When it comes to carrying an infant or toddler all day — we wheelchair users have a huge advantage — a permanent lap. When Sarah was an infant I carried her in a baby sling (see resources). A word of caution, the U.S. Consumer Product Safety Commission issued an advisory safety warning on the proper way to use an infant sling (see resources).

When Sarah was strong enough to hold her head up, I switched from the baby sling to a BabyBjorn baby carrier (see resources). At the time it was the only chest pack baby carrier that enabled carrying a toddler with their legs facing forward, so they can sit on your lap in your wheelchair. Although it’s kind of pricy, you can find them used on craigslist or eBay and when your child outgrows it they sell quickly online.

As Sarah outgrew the need for the chest pack I made a custom seat strap to keep her on my lap, it consisted of a soft stretchy material about 6″ wide and long enough to wrap around my back and Sarah’s waist. It also had Velcro on one side that made it easy to instantly put it on or take it off.

To this day I treasure memories and the time I was able to spend with Sarah on my lap, doing anything from working at the computer and puttering around the house, to going on walks.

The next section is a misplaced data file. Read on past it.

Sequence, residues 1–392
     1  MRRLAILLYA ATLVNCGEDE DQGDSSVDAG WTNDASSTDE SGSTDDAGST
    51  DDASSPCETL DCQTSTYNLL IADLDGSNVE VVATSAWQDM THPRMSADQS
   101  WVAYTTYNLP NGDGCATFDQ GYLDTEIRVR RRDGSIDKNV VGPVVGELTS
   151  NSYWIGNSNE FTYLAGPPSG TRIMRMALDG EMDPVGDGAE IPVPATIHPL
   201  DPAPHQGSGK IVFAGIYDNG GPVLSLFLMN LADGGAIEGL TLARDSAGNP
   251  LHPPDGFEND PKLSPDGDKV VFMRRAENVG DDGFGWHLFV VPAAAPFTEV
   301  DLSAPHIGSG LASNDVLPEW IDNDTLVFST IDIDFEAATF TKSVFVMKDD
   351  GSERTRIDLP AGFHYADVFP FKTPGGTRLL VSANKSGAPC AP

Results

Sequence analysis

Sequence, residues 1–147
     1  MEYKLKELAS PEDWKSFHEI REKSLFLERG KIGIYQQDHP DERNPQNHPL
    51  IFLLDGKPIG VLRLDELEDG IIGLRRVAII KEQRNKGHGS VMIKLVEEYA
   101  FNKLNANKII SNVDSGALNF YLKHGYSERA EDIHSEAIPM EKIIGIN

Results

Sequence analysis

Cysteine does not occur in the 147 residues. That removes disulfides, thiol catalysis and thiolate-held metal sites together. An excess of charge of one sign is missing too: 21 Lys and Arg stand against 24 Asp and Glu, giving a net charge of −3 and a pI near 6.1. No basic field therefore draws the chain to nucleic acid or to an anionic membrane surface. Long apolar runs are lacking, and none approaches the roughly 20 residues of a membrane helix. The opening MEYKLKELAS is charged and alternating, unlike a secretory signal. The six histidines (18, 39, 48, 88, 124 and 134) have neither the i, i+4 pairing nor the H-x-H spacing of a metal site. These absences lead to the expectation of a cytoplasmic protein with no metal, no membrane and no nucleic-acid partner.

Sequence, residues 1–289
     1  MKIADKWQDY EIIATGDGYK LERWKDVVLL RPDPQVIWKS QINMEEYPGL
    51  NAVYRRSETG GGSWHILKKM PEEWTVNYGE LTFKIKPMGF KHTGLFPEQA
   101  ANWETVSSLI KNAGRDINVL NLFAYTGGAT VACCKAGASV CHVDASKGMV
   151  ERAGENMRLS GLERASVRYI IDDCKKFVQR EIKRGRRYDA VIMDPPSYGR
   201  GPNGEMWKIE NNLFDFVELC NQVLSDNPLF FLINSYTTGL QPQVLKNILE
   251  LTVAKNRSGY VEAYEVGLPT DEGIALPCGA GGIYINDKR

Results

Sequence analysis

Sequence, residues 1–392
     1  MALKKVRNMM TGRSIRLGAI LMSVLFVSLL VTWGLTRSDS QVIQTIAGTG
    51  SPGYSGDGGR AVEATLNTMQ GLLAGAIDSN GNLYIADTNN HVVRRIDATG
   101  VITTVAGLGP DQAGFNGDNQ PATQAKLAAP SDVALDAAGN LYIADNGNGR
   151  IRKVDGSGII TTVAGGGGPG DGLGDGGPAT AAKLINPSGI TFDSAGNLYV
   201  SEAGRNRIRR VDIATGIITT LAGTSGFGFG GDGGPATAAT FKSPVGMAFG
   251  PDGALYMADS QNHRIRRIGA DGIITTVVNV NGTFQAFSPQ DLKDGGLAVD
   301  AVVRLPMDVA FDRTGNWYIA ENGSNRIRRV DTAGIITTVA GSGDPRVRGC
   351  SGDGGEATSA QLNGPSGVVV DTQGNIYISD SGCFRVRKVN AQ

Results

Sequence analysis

I do have a couple important words of caution about wheeling with an infant or toddler in your lap. First, be aware that the extra weight of your child in your lap puts extra load on your wheelchair’s front casters that will make them more susceptible to catch on rocks or cracks. The added weight on your lap also puts added pressure on your butt — it is important to be extra vigilant with mirror skin checks.


7. Develop a method for putting the infant into a car seat

Last, but not least is figuring out how to get an infant into a car seat. I found the best way to do this was to strap Sarah in the car seat when it is free from the base — then with her securely fastened in, move it across the back seat of the car to the car seat base and latch it into the base. It is a maneuver that works, but takes quite a bit of time — and I learned to plan extra time into my trips accordingly.

When Sarah was finally big enough that she no longer needed a car seat — at age 7 — simply getting my chair in and out of the car seems like a breeze.


*The ROHO Group is not endorsing these products and we have not tested them.


Bob VogelBob Vogel, 51, is a freelance writer for the ROHO Community blog. He is a dedicated dad, adventure athlete and journalist. Bob is in his 26th year as a T10 complete para. For the past two decades he has written for New Mobility magazine and is now their Senior Correspondent. He often seeks insight and perspective from his 10-year-old daughter, Sarah, and Schatzie, his 9-year-old German Shepherd service dog. The views and opinions expressed in this blog post are those of Bob Vogel and do not necessarily reflect the views of The ROHO Group. You can contact Bob Vogel by email at online.relations@therohogroup.com.